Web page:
Another reason why today was extra busy for the Reyes family was because it is the one year anniversary of Carmen's brother's death. The Reyes are very Catholic and they set up a beautiful altar with candles and picture frames and had a special prayer session with all of their friends and relatives. I felt happy to be a part of something so special. After the meeting, we all enjoyed delicious "chuchitos." I'll let Lorenzo (Mily's brother) explain what "chuchitos" are in this little video clip:

Anyway, it was a great day and I'm looking forward to another great day tomorrow. I was gonna go back to Guatemala City in the morning but I decided to make one last delivery to a little village before I leave. I'm excited because it will be quite the hike and the local teachers might even let me borrow a horse to pack the books in! If they can't get a horse they said they would send six school kids up to help me...isn't that funny :-) I'll let you know how it goes!

Tuesday, July 15, 2008

Attempting to blog half asleep...

It will be a miracle if this post makes any sense because I'm having trouble keeping my eyes open!
Let's see, Sunday afternoon I dropped Kira off at the airport. I was sad to see her go :-( She does such a great job with reading to the kids and we were having a lot of fun working together. Oh, wait...back up...Saturday I had to go to a doctor because I had this bizarre rash on the back of my head. It was really gross...EWWW! Anyway, the doctor said it was some kind of fungus so he told me to go to the pharmacy and get some anti fungal cream and three pills to be taken every five days. By the way. I showed up at the doctor's office at 4PM on a Sat., waited 5 mins to be seen (by an actual Dr.) and paid $6 for the consultation. The total cost of the drugs at the pharmacy was about $15. And that was without ANY insurance. Well, I took the first pill Sat. evening and by that night I started feeling a little sick. By Sun. morning I was feeling worse with a headache and stuff. To make a long story short I finally feel better today and the fungal infection is completely gone! Tomorrow I'm gonna ask the Dr. if it's necessary to take the two remaining pills.
So, back to this blog making ANY sense? After I dropped Kira off at the airport I rented a car to transport some encyclopedias for the libraries in Salamá. The Rotary Club was cool enough to offer Books for a Better World some space on their shipping container so we shipped the heaviest boxes we could find which resulted in a savings of about $800 in shipping! I had originally planned on hiring a driver to deliver the books to Salamá from Guatemala City (actually Amatitlán) but after I got a couple quotes it seemed like a better idea to just rent a car and do it myself. So I rented a little Toyota Yaris for $38/day instead of paying a driver about $400. Plus I'll have the car to make deliveries. It works out.
So, back to Sunday...I got the rental car and headed to Barcenás to see my friends from la Família Gonzalez Rosales. It was so nice to see them again! For a second I forgot that I was feeling sick but soon I had to give in and go straight to bed. I had a horrible fever all night.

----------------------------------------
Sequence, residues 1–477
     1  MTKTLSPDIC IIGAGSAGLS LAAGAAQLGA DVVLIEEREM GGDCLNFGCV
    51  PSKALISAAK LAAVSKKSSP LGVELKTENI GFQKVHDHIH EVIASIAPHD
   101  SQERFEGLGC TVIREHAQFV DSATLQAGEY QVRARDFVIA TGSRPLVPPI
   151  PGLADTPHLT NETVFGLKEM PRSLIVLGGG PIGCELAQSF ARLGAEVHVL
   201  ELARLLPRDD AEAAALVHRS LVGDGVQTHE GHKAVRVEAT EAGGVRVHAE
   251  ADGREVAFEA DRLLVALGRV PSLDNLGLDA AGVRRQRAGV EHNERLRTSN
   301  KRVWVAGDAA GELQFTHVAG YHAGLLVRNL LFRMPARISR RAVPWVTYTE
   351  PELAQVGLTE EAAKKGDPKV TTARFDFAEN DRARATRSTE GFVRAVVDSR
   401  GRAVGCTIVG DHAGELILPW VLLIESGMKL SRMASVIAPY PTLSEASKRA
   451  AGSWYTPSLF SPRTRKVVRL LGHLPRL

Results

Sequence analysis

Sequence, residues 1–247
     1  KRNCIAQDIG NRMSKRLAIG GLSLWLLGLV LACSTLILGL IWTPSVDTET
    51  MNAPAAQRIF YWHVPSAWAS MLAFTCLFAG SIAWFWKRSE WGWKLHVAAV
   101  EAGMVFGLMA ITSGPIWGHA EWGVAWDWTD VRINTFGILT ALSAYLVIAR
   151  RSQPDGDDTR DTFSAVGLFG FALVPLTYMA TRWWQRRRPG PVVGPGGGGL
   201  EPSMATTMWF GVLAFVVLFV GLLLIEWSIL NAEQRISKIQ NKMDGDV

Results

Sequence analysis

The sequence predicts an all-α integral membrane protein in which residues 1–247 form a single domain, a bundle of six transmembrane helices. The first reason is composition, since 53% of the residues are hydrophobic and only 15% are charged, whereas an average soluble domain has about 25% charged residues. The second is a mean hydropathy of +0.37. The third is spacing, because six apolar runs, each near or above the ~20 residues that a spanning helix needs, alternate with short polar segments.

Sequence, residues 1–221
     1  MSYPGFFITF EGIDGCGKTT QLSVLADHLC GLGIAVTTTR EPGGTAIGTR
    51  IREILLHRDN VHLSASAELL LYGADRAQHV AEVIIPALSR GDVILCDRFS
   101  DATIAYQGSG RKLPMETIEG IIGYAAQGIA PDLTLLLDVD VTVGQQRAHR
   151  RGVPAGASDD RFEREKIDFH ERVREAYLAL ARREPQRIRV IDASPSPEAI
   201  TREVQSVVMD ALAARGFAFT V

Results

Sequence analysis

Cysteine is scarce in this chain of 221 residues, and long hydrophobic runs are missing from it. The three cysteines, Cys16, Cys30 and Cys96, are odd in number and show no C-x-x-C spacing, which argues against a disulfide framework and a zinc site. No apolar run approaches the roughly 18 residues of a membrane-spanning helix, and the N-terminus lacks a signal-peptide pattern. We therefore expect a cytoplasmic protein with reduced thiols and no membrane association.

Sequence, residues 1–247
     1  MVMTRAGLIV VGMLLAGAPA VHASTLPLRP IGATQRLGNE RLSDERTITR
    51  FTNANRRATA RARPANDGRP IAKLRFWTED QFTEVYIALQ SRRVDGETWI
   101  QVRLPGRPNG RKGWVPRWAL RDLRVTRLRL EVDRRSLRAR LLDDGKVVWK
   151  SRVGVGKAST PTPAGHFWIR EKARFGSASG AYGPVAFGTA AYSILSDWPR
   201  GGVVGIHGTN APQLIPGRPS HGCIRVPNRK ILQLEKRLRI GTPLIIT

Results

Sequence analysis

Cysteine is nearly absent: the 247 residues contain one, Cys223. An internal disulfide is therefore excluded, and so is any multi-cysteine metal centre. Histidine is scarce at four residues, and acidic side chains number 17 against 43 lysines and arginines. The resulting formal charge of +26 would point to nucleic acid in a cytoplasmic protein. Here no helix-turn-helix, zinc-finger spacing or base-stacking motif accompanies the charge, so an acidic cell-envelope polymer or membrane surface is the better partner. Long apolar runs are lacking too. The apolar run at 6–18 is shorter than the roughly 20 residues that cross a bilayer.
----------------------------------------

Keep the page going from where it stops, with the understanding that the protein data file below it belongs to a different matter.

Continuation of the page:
Monday I called my friend (Mandy Vasquez) and we went to lunch along with my friend Ulises Gonzalez. We dined in style at McDonald's. It was really fun to hang out. We dropped Mandy off at work (Telgua...the phone company) and then Ulises and I went to see Hancock at the movie theater. We timed it so I could pick Gilda (Ulises' sister) from work and get back to their house.
Oh, by the way, I wasn't even supposed to be in Guatemala City on Monday (yesterday) because the Rotary Club container was going to arrive for me to take the encyclopedias but it didn't arrive until today (Tuesday). So, today I met up with the Rotary people and we unloaded a huge container of dental equipment. As luck would have it, the boxes with the encyclopedias were the last to come off the truck so I didn't get out of Guatemala City until 4PM. I wish I could have been more help with the unloading but I am so weak from being sick. The good news is that I got the encyclopedias and I'm so thankful to the Rotary Club for all of their help!
I made the trip back to Salamá and tomorrow I'm going to deliver to three schools in a rural area called Cubulco.
Oh, when I got to Salamá I showed Mily (school teacher/local volunteer) the encyclopedias and she was really excited about them. They are really nice with color pictures and plenty of information about a lot of topics. I think they will come in really handy here because a lot of kids don't have access to the internet or other information sources. I was happy to see Mily so excited. She helps us a ton and it's good to see her enthusiasm!

Friday, July 11, 2008

A day in the country...

So, this motorcycle is coming in really handy for our work here! We had an extra box of books this year so we decided to add a new school to the program. Mily recommended Aldea Dolores--a rural school near a small town called San Miguel (where we went yesterday). Kira and I left around 7AM and made our way to the school. It was a beautiful trip on a curvy, bumpy, hilly road. It was actually pretty fun on the dirt bike!